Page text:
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ENGL 529 A: Topics In Nineteenth-Century Studies

Dickens, Darwin, Marx

Meeting Time: 
TTh 11:30am - 1:20pm
Location: 
CHL 101
SLN: 
22267
Instructor:
Jesse Oak Taylor smiling
Jesse Oak Taylor

Syllabus Description:

ENGL 529: Dickens, Darwin, Marx

ENGL 529_Dickens Darwin Marx_Syllabus.docx 

T/Th 11:30 – 1:20

CHL 101

 

 

Jesse Oak Taylor

Office Hours: T/Th. 2-3 and by appointment
Padelford A-408

jot8@uw.edu; 206-747-4818 (cell)

 

 

Overview:

Charles Dickens’s Our Mutual Friend (1865), Charles Darwin’s On the Origin of Species (1859), and Karl Marx’s Capital (Vol. 1, 1867) were written within ten years and twenty miles of one another. Each is a big, system-mapping book that seeks to understand some of the largest and most complex forces that shape our world: capitalism, empire, the world-city, and the biosphere itself. Each has also shaped our world in profound ways. All three authors have become adjectives, their names appended to ideas and political movements that have long outlived anything Charles, Charles, or Karl might have recognized. In this course, we will read these monumental works in conjunction with one another, exploring the connections (and tensions) between them, while contextualizing them in relation to the world in which they appeared: most notably London, the first global metropolis, capital of an Earth-spanning empire, and a thoroughly manufactured landscape in which even the weather bore the effects of human action. We will also think about what it means to read them in our own time, connecting their insights to the manifold emergencies that define our own time: climate change, rampant inequality, the Covid-19 pandemic, ecosystem collapse. In so doing, we will seek to treat them both as historical antecedents and as contemporaries, using their enduring influence to think about both the origins and afterlives of ideas, and the forms that enable them to travel.

 

Assignments will include weekly short essays (which will begin in an open-ended fashion and then shift toward scaffolding for the final project as the term progresses), a final project proposal, and a final project of the student’s choice. Creative and public-facing projects welcome! 

 

 

Grades & Assignments:

Participation: 25%

Weekly Essays: 20%

Final Project Prospectus: 15%

Final Project: 40%

 

Participation:

A seminar is a collaborative enterprise. This is a small class, in which we will all talk through the texts and ideas together. That means you must talk. Please come to class prepared to ask questions, to share your ideas, and to respond thoughtfully and respectfully with the group, and to work through these difficult books together. Being a good seminar participant is not just about talking a lot: it’s also about engaging with your interlocutors in a productive way, even if they have different ideas or goals from your own.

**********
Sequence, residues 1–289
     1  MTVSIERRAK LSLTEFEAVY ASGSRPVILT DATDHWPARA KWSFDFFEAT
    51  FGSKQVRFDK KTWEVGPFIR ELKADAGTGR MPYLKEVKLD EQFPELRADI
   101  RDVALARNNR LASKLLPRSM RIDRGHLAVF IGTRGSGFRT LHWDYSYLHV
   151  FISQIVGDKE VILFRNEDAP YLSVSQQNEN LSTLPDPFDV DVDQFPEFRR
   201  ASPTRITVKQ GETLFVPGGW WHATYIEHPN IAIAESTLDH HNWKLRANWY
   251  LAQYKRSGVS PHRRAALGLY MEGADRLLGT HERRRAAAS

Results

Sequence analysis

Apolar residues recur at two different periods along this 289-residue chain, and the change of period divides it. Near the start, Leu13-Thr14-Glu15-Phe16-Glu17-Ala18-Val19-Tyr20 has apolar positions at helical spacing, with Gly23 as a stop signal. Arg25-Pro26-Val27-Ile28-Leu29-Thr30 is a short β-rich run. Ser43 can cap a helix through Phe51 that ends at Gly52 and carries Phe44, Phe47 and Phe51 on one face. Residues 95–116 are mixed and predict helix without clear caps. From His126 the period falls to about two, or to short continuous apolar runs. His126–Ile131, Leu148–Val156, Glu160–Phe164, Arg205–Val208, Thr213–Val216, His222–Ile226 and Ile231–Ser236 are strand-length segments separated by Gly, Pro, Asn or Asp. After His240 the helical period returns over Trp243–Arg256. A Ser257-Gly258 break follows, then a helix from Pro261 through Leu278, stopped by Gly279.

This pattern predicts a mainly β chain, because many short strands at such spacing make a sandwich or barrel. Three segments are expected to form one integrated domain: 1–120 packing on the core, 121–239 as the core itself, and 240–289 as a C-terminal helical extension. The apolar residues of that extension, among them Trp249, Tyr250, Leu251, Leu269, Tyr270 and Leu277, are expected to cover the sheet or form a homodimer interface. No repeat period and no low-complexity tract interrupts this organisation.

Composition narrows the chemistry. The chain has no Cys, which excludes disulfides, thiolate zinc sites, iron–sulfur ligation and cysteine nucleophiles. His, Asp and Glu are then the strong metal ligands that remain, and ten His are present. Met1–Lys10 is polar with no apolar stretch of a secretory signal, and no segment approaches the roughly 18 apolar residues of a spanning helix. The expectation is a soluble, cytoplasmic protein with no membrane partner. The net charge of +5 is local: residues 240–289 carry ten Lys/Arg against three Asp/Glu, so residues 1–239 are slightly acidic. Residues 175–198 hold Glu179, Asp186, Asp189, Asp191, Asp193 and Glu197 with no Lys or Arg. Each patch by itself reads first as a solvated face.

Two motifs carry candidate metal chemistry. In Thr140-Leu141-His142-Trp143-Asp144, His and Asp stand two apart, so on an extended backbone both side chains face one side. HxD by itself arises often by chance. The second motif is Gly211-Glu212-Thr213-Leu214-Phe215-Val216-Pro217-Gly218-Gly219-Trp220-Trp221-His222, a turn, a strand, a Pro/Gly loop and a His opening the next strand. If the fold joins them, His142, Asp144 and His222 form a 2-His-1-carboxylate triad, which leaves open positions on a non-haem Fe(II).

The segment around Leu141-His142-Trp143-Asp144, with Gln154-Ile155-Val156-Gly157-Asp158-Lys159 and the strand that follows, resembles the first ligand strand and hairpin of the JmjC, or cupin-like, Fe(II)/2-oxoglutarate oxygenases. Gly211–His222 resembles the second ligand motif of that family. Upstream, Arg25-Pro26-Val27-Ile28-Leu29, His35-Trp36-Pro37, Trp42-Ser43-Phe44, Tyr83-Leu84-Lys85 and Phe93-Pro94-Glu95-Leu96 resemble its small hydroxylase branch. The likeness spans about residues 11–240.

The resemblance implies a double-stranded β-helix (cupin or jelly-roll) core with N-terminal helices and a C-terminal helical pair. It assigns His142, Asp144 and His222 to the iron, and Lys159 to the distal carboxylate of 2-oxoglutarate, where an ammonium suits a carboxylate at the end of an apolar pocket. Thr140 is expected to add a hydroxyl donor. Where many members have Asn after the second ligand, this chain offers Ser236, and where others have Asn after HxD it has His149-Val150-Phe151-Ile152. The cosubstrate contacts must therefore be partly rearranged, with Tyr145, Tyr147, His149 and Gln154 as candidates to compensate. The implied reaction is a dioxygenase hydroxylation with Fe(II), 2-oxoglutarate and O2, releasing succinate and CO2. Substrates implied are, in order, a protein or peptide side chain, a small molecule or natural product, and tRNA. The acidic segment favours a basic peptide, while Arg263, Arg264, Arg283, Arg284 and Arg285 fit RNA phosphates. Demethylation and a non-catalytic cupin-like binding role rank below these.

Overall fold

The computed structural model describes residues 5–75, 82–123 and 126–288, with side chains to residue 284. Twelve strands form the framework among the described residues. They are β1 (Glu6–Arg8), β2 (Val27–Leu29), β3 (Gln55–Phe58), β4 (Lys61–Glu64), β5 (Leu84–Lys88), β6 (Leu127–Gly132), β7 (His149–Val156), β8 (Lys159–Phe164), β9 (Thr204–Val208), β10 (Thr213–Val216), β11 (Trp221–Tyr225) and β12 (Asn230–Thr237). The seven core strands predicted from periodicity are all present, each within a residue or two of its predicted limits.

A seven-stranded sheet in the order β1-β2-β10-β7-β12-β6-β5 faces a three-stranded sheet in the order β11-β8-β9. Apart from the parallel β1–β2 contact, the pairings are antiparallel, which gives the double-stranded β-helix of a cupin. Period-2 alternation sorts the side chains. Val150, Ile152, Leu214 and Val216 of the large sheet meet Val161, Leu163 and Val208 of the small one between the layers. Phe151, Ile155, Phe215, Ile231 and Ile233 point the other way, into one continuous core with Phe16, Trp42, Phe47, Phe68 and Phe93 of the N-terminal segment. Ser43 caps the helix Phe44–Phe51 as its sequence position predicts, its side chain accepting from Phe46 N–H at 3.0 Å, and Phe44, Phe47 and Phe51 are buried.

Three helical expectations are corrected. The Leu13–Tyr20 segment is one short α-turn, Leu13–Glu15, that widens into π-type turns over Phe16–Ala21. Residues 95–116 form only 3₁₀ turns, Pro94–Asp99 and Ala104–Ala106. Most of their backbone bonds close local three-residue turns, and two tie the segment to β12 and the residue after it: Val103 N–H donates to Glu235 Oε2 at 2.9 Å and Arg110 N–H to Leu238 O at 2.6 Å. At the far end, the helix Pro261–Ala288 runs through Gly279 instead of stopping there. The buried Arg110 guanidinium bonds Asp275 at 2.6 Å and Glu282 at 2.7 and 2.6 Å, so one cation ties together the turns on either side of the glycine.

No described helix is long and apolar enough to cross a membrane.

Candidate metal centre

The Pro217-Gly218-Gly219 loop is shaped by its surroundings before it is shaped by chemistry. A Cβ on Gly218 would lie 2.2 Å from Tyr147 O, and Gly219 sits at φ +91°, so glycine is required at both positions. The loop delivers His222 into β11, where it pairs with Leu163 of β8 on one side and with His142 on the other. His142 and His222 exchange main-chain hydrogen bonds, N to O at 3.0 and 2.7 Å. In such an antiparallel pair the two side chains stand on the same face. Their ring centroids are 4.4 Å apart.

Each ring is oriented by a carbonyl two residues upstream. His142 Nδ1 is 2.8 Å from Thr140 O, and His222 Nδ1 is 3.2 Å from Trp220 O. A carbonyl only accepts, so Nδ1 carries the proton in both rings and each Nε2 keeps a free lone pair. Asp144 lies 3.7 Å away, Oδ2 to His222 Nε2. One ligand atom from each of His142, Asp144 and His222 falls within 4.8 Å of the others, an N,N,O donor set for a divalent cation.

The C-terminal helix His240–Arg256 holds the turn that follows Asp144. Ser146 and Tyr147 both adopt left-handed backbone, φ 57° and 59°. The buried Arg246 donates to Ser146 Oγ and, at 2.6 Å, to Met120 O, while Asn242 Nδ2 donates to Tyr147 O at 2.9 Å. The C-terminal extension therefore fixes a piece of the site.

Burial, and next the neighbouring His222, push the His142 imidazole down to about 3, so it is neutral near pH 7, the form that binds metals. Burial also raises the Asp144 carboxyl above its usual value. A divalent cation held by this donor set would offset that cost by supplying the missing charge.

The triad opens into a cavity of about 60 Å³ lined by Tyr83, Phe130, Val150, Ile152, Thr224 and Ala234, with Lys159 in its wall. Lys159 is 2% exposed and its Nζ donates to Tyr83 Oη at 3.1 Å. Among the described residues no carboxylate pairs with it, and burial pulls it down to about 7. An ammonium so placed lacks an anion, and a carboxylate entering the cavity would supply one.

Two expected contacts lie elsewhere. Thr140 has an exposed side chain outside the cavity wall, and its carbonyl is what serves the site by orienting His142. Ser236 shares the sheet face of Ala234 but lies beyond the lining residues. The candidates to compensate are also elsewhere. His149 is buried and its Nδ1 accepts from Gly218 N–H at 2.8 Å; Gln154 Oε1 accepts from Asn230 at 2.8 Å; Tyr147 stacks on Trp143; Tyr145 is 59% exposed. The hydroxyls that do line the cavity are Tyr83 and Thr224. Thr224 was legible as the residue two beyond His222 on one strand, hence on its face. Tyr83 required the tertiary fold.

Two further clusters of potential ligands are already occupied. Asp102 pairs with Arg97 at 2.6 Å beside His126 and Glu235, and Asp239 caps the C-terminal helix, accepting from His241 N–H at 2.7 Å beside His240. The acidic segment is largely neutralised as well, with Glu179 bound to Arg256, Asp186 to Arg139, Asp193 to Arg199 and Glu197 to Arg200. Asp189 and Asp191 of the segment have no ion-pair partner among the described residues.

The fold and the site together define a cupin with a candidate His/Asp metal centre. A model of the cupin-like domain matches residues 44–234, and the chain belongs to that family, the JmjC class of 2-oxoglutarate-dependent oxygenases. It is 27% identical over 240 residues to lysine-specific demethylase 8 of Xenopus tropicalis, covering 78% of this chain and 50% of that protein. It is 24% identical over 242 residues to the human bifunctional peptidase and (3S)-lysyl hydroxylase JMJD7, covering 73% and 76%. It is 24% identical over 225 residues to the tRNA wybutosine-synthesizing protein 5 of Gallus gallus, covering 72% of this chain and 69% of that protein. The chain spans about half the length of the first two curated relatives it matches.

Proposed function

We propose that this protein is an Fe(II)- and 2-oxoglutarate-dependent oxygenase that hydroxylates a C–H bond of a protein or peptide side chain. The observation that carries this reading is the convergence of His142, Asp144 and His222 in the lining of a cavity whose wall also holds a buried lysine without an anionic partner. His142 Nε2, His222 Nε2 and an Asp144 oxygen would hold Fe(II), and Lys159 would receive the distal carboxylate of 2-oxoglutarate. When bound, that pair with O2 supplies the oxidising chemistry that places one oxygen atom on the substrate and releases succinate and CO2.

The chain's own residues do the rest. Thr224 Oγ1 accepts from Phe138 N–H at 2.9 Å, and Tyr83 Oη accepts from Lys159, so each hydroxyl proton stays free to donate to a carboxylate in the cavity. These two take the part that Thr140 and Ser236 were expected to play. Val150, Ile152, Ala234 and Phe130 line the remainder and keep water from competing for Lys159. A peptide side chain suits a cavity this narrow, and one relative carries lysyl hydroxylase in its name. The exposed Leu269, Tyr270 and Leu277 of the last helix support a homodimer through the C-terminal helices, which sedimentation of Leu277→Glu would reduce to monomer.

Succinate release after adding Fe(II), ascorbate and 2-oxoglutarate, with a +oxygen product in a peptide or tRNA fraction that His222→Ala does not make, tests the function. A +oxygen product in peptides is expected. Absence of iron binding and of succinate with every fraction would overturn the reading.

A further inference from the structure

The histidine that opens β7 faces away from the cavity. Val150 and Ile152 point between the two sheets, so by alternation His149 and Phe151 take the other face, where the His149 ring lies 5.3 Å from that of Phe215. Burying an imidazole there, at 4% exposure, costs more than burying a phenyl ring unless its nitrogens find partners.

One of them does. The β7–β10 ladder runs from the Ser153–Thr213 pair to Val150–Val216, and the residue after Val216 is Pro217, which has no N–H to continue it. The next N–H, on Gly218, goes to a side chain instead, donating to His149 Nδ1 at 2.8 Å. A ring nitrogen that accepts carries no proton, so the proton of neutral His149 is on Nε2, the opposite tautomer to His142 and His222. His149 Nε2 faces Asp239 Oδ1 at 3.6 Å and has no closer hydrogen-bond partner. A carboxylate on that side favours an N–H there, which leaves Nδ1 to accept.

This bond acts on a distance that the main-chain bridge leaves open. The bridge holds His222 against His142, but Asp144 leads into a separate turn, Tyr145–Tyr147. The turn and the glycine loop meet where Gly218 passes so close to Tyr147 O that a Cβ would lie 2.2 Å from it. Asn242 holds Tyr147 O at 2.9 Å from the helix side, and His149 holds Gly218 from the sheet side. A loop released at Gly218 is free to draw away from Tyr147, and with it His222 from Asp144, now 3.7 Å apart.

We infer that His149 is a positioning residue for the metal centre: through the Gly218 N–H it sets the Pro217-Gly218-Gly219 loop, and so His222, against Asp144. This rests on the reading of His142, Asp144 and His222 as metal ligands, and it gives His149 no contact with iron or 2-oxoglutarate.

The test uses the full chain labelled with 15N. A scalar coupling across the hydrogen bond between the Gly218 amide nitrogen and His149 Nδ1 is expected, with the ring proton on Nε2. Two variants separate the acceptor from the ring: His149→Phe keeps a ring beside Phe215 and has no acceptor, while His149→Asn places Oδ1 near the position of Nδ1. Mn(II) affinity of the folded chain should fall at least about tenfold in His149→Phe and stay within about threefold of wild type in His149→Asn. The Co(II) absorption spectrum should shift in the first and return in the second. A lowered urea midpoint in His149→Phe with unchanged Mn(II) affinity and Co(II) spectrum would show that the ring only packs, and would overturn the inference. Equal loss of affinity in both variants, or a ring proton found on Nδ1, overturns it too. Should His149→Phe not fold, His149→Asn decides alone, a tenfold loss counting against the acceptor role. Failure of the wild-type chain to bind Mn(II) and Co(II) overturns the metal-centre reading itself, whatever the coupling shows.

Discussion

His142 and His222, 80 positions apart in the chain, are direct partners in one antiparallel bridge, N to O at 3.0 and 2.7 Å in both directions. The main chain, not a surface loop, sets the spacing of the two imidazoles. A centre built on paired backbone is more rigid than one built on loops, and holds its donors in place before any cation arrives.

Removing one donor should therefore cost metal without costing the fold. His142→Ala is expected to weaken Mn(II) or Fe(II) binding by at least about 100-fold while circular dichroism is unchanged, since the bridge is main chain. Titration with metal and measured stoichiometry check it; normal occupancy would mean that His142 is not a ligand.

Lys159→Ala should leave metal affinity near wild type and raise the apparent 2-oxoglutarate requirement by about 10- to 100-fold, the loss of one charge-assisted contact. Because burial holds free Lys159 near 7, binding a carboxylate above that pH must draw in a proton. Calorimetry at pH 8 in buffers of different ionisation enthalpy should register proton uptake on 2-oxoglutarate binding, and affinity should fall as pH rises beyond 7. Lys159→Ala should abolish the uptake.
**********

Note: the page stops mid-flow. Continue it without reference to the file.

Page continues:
Weekly Essays:

For the first seven weeks, you will write a short (1-3 page) essay, responding to that week’s readings. (Week 1's essay will be optional.) These are designed to give you a chance to organize your thoughts, and to help you brainstorm final project ideas. These will be graded only on a complete/incomplete basis, but the effort you put into them will pay off later on. They might be mini-close readings of a particular passage, but they don’t have to be. Nor do they necessarily have to be a coherent “essay” – they could be more a sequence of several different ideas and observations. Consider framing these as questions: what is something that you notice? Why do you think it matters? The goal of these essays is to make sure you are getting your ideas down on paper in the early portion of the term. There will be no weekly essays in Weeks 8-10, since I assume by then you should be working on your final project.

 

Final Project Prospectus:

By the beginning of Week 9, you will submit a “prospectus” (i.e., a proposal) for your final project. This is a genre of its own, and an important one: it should A) outline your project and why it matters B) explain your methods C) establish that you have already done sufficient research to know the project is viable, and D) anticipated thesis or conclusions. It must also include a preliminary bibliography of at least 7-8 potential sources.

 

Final Project:

The final project for the course should be a 10-15-page research paper or another project of equivalent scale. I am open to creative and public facing projects (songs, video games, art books, maps, digital projects, podcasts, etc.) as alternatives to the traditional research paper. However, these must still include a substantive research component. On the last day of class, everyone will give a brief (7-8 minute) presentation of their final project to the group.